Originally Posted by mrfuji3
Originally Posted by snowram
Originally Posted by ThreeL
4 forces you to pick all archetypes of characters and less experiment
What archetypes? Do you mean something like, melee, ranged, tank and support?
More like melee / physical utility / support / magic. The "classic" party is fighter / rogue / cleric / wizard.
- Fighter for the frontline sturdiness, protecting the backline.
- Rogue for both single-target dps and for dealing with all the scouting/traps/lockpicking/sneaking.
- Cleric for support: healing, buffing, removing curses/etc.
- Wizard for ranged magic during combat (battlefield control and both single-target and AoE damage) as well as out-of-combat magical utility.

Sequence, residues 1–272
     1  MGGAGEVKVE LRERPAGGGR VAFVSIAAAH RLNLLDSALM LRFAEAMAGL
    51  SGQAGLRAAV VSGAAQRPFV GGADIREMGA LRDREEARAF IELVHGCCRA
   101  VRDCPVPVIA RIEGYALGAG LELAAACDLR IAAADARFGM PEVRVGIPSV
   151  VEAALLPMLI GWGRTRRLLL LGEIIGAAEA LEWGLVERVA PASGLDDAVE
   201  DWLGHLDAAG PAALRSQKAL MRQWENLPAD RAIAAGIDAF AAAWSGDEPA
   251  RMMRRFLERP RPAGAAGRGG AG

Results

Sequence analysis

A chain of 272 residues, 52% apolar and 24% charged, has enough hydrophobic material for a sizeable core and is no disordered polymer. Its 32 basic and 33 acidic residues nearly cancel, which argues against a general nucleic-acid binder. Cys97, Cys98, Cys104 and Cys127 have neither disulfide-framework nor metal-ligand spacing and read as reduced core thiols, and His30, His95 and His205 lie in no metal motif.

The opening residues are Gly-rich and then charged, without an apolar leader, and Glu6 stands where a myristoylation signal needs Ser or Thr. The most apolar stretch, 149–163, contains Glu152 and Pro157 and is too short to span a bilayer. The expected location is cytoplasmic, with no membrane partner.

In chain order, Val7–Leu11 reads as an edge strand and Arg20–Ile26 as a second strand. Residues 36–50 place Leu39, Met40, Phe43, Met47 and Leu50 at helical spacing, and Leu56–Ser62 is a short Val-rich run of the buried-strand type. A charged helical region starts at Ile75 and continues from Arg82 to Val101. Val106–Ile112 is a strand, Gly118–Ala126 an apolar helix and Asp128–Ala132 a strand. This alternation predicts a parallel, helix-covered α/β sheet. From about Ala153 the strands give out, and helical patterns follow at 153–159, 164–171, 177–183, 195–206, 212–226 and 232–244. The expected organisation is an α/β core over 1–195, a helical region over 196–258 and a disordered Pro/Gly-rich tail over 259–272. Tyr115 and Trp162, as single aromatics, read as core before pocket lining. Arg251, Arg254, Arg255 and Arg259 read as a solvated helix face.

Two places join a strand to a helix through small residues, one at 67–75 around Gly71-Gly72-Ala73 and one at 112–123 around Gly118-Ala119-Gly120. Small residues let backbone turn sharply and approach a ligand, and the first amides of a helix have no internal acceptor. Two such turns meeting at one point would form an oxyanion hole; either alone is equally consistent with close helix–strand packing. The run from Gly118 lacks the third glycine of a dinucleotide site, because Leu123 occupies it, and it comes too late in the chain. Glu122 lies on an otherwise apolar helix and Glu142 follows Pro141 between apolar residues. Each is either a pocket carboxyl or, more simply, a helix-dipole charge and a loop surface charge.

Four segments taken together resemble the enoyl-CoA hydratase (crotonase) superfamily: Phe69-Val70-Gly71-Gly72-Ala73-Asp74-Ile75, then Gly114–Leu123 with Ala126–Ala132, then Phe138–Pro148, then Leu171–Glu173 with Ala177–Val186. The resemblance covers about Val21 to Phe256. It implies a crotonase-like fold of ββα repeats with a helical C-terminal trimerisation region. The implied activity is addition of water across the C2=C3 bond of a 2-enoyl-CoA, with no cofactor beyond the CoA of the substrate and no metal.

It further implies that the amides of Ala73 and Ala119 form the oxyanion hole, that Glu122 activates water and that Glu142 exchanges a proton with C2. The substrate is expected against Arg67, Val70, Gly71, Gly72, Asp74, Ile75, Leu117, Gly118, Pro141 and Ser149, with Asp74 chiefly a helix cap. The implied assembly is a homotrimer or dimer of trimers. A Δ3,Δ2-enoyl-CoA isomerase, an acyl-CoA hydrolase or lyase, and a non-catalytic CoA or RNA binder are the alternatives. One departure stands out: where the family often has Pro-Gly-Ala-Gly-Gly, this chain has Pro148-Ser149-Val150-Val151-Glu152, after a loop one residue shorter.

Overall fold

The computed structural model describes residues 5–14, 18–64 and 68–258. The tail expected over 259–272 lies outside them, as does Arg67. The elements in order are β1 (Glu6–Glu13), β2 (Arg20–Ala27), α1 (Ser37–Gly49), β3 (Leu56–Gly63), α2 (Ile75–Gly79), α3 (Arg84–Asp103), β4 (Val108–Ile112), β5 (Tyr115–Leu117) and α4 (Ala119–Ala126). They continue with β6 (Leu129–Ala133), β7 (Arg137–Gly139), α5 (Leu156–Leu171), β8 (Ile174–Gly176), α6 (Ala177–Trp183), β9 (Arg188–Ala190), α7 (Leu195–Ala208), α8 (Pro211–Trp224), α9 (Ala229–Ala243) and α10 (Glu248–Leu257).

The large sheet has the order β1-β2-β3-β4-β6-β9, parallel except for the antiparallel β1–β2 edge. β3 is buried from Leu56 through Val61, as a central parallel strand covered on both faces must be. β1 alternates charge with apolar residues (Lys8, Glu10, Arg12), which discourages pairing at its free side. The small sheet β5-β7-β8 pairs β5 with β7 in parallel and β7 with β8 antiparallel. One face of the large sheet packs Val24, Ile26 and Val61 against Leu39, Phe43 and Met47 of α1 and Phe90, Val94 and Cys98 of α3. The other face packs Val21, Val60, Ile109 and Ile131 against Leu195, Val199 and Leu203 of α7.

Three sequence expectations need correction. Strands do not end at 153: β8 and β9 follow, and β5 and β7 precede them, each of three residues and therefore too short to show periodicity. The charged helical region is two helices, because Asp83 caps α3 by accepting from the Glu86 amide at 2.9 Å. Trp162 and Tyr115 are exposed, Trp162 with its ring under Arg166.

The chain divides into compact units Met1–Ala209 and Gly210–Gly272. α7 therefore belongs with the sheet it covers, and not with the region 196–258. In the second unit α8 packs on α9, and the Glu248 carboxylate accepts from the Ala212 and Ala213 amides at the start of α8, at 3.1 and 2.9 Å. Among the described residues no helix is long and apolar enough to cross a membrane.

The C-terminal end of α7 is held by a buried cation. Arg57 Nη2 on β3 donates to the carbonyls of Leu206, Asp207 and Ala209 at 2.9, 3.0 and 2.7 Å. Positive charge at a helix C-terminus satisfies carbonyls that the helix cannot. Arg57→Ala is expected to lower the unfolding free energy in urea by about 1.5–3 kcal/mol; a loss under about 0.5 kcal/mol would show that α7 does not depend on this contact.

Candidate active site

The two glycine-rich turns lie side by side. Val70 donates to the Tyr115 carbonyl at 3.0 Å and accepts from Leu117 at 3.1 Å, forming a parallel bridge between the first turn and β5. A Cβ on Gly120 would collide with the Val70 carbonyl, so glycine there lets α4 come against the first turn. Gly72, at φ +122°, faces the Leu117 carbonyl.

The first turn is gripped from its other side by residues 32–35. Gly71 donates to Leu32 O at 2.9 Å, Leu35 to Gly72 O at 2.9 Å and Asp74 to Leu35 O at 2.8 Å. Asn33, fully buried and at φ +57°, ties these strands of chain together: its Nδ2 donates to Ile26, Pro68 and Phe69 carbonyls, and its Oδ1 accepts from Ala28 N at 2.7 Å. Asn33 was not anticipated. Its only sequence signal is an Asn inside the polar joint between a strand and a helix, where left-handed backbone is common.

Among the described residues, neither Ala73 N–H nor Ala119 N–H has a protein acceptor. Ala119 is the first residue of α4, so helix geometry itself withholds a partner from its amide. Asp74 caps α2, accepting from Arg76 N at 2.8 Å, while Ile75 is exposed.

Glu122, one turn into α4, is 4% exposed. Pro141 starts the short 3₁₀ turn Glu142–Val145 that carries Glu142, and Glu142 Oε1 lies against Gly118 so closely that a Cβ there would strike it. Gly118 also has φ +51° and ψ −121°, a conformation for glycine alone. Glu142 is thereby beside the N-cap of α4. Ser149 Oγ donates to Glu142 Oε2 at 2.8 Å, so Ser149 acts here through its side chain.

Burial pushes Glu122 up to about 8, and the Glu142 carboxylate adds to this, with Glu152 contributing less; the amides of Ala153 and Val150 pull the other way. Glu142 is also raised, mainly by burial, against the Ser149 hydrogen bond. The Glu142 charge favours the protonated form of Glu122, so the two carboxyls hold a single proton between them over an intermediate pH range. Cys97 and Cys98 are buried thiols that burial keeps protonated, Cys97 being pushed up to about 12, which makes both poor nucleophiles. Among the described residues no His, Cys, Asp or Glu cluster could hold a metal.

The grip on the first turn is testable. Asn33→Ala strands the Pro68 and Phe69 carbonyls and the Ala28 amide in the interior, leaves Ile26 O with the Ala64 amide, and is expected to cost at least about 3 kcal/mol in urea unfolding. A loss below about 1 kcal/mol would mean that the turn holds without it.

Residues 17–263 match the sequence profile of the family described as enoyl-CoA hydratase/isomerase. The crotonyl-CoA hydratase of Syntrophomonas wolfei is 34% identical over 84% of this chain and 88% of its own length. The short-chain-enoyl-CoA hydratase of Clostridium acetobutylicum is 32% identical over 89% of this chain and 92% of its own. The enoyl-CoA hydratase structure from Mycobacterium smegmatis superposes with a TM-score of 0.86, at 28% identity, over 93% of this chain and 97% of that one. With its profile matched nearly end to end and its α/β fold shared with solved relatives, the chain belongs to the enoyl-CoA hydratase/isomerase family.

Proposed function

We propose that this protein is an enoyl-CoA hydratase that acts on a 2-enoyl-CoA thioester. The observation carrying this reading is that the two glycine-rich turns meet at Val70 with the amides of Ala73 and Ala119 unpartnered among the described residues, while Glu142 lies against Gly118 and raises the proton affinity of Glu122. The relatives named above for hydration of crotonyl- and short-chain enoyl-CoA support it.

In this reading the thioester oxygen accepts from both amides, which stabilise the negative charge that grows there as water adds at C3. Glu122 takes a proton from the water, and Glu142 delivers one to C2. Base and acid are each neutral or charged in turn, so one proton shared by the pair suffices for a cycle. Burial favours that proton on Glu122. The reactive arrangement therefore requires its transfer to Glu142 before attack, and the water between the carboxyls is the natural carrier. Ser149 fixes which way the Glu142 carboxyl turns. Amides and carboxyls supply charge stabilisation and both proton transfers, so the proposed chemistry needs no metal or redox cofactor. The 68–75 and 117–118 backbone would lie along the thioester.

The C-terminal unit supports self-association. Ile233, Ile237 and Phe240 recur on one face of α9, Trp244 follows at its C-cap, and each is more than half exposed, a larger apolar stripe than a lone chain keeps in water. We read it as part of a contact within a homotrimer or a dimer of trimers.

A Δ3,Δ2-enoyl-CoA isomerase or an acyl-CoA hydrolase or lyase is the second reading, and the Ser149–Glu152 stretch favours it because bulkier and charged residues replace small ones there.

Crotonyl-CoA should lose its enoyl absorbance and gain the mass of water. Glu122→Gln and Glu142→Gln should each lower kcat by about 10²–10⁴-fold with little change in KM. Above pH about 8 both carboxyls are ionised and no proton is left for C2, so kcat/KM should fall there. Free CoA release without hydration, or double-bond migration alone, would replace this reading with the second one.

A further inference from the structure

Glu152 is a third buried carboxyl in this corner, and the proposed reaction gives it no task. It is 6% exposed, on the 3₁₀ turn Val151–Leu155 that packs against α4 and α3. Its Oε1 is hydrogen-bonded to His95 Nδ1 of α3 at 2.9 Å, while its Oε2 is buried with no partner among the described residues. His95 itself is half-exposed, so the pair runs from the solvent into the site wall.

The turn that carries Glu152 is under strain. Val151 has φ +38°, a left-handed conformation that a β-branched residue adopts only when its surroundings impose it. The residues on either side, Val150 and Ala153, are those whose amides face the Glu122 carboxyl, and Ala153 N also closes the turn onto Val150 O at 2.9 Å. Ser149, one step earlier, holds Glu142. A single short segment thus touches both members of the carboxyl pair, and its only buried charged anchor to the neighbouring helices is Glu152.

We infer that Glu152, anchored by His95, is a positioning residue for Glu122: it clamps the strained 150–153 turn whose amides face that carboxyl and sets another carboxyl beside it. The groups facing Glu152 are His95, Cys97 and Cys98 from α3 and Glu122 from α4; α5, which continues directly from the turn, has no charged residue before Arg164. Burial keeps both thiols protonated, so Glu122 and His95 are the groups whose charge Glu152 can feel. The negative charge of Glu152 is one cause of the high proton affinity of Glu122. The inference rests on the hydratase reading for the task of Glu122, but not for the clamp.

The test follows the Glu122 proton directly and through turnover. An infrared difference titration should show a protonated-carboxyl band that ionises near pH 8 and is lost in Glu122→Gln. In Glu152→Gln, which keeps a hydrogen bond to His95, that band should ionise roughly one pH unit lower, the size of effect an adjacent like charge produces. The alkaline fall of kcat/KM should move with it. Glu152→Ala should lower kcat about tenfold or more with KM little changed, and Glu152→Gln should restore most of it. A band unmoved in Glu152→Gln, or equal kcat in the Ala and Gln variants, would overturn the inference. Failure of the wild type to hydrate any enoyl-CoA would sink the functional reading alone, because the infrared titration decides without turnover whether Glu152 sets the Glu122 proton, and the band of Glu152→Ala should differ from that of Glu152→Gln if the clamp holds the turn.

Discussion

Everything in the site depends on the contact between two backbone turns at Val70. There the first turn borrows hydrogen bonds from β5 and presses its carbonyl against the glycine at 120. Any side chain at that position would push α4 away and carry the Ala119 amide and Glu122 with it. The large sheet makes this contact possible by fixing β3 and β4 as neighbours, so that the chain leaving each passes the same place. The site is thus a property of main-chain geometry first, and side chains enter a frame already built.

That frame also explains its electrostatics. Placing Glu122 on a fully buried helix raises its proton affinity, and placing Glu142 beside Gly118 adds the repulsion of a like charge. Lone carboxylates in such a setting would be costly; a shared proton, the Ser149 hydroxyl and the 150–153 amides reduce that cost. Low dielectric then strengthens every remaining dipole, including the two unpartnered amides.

I almost always make experiental parties these days. Even when replaying the classics, even those based around combat. Like playing Icewind Dale with a bunch of exclusively dwaren warriors, exclusively drows who get a bonus at night (and vice versa in sunlight) -- or casters only. I'm not going to pretend that all those playthroughs are the same difficulty-wise -- there's loads of traps in IWD and the like. But it's part of the fun. And what keeps these games interesting.

I played Solasta's main campaign (5e) more recent with two fighters (frontline) and two rogues (archers and sneak bonus attack dealers from the backrow). I'd assume it is far easier to balance 5e than previous editions around lots of viable combinations. Certainly more so than 3e-ish. On the flipside, of course, there aren't as many "crazy" options. It's worth noting that Larian aren't strictly abiding to rules.

Last edited by Sven_; 16/12/22 10:17 AM.